Though a bird hunter relishes his quarry, the heart pines not for the feathered animal, but for his dogs. Man and beast bond through their association in the field. And with each dog a hunter owns, an indelible impression is etched upon his soul.
This story starts with our first bird dog, Cletus. A gorgeous golden retriever, my wife Carolyn and I worked daily with Cletus from puppy-hood to ensure success in the field. Our work paid dividends, as he grew to become an energetic hunter with a sense of flair in his work. From the waving stands of switchgrass to the boggy cattail sloughs, Cletus could find, flush and retrieve pheasants with the best of them.
And the other nine months per year when it wasn’t bird season, he was an integral member of the family. Cletus was everyone’s friend and would always present newcomers with a gift. Albeit, it may have been a half-rotten bone he dug up, but nonetheless he was generous to all.
In the prime of his life, at four years of age, our beloved bird dog and best friend was struck down the same night Carolyn joined the church. Cletus was the pillar of health and there was no explanation for his death upon post-mortem examination. Carolyn and I sobbed through church the next morning, Easter Sunday.
Little did we know, another tragedy had struck earlier in the year that was destined to intertwine with ours. A good man from a neighboring town died in a car accident, leaving behind a year-old red Lab puppy. The man was a phenomenal dog trainer and the pup had started his first season when the wreck occurred. With no wife or kids, the dog was passed to his sister. She cared deeply for her brother’s buddy, but not being a hunter she felt the dog was missing a critical part of his existence.
So the next week as I told the story of Cletus to my coworkers, one of them told me about his uncle who had passed and the dog that he left behind. At his urging, we reached out to his uncle’s sister about this dog and arranged a time to meet.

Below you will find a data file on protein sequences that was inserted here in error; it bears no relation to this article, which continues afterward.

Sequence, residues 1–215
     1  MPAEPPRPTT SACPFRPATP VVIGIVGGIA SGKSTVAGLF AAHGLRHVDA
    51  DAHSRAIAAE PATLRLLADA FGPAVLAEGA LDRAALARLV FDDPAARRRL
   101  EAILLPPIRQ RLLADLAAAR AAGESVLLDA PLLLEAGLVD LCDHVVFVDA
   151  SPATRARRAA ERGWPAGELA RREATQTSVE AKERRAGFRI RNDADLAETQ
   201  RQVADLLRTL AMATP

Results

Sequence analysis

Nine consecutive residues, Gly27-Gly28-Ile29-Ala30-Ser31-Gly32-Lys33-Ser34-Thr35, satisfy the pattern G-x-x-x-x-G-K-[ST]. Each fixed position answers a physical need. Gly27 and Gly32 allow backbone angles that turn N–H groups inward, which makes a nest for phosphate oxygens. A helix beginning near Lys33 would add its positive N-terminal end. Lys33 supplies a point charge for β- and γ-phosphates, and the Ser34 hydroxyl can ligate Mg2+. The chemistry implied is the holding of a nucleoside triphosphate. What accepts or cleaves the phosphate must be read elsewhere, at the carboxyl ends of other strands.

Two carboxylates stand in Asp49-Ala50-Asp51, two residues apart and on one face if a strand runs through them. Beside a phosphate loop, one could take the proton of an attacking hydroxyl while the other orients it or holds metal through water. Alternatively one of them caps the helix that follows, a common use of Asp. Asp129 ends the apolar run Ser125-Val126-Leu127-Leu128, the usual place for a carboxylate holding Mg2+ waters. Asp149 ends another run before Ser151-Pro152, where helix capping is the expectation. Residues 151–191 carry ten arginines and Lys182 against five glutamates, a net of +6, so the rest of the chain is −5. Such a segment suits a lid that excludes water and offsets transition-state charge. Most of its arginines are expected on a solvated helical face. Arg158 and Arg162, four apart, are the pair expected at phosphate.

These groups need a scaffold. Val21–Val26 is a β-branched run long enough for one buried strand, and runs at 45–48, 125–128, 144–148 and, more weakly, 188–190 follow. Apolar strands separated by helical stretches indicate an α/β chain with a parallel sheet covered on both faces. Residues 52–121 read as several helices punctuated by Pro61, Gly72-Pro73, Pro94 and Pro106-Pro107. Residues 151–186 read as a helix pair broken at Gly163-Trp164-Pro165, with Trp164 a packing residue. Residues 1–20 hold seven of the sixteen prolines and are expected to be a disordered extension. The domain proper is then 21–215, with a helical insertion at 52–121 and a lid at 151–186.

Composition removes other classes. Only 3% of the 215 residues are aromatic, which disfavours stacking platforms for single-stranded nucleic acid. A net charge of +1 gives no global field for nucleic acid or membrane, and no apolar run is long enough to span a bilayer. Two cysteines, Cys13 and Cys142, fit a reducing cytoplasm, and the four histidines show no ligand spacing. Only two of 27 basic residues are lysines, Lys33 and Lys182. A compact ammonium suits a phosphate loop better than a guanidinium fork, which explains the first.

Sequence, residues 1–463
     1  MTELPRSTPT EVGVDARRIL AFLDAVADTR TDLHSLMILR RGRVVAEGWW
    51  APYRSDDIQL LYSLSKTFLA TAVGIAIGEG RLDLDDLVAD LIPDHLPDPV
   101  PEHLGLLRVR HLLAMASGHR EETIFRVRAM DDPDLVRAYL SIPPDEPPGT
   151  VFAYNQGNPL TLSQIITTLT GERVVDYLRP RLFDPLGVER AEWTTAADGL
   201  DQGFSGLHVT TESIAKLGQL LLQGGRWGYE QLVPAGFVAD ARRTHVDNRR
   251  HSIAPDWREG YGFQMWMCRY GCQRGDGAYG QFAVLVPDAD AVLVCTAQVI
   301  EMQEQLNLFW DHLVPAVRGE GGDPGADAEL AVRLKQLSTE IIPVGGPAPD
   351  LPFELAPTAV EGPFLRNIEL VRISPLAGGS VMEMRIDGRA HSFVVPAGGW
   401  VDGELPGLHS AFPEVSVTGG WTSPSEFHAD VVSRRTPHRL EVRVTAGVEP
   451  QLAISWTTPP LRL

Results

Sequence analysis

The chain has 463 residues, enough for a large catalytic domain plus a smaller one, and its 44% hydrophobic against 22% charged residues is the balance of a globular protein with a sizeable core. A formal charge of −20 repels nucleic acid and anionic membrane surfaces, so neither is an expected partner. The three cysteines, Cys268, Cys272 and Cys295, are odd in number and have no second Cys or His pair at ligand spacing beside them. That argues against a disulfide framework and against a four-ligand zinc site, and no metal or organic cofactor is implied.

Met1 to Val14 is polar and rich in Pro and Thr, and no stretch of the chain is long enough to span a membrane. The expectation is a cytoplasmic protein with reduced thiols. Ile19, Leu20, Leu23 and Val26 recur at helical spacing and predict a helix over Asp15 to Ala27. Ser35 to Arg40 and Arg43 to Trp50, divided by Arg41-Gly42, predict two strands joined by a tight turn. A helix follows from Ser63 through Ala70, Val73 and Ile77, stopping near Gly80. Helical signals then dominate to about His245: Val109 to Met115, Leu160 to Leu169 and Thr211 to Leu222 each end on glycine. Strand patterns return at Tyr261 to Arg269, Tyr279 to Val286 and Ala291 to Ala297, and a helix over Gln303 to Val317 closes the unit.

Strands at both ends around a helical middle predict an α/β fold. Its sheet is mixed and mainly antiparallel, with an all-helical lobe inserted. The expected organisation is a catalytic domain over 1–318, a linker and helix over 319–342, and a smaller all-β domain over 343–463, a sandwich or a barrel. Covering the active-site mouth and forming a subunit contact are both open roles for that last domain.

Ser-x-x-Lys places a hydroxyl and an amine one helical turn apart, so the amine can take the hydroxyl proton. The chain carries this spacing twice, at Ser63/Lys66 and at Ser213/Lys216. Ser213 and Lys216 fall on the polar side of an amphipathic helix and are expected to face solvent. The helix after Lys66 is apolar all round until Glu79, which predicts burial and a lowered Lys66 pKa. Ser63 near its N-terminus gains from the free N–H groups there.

A few days later Carolyn and I arrived at the farm to see this red Lab. A bouncy, but somewhat timid dog emerged. We spent a good hour there, speaking with the man’s sister and gaining the trust of the dog whose name was Sysco. She told us she wanted Sysco to go to a family that would hunt, and that’s my wife and I in spades. She generously gave us the dog and home we went.
While always well behaved, it wasn’t an easy start. Since Sysco’s training abruptly ceased with his owner’s passing, there were skills that were there and some that weren’t. He knew commands differently than we had given Cletus, so we had to relearn those, though Sysco was smarter than us and just learned our version of each command easier than we could unlearn the old way.
The biggest issue was getting Sysco to range out for birds. He seemed to exhibit separation anxiety and wanted to stay at heel. It was quite the opposite of the normal challenge we expect with a dog running too far ahead. We spent a great deal of time building his enthusiasm for the hunt to show him it was okay; we would not disappear if he ran ahead.
It was two weeks into pheasant season when it all came together. Sysco and I were working a quarter of public grasslands with a sorghum field right across the road. I saw a rooster land 50 yards ahead on a bluestem-covered ridge and pointed Sysco in his direction. Sysco ran in front of me, playful and unaware, when the scent caught his nose.
Like the feel of bicycle pedals against our feet reawakens the lessons of our early years and the muscle memories we developed, with the smell of pheasant a lightbulb flicked on in Sysco’s brain. His nose hit the trail and stayed glued to the ground until the flush. I interrupted the explosion of color and cackles with my Franchi.
As the rooster fell, Sysco dashed forward and latched onto him, then ran back towards me. I took the bird, petting him and sobbing as I told him he was such a good boy. There we were, the family that lost a dog and the dog that lost his family, bound together in a new union on the fields of South Dakota. Sysco has since grown into an unbelievable hunter, retrieving scores of pheasants, but I will always cherish that first one we took together on that October day.
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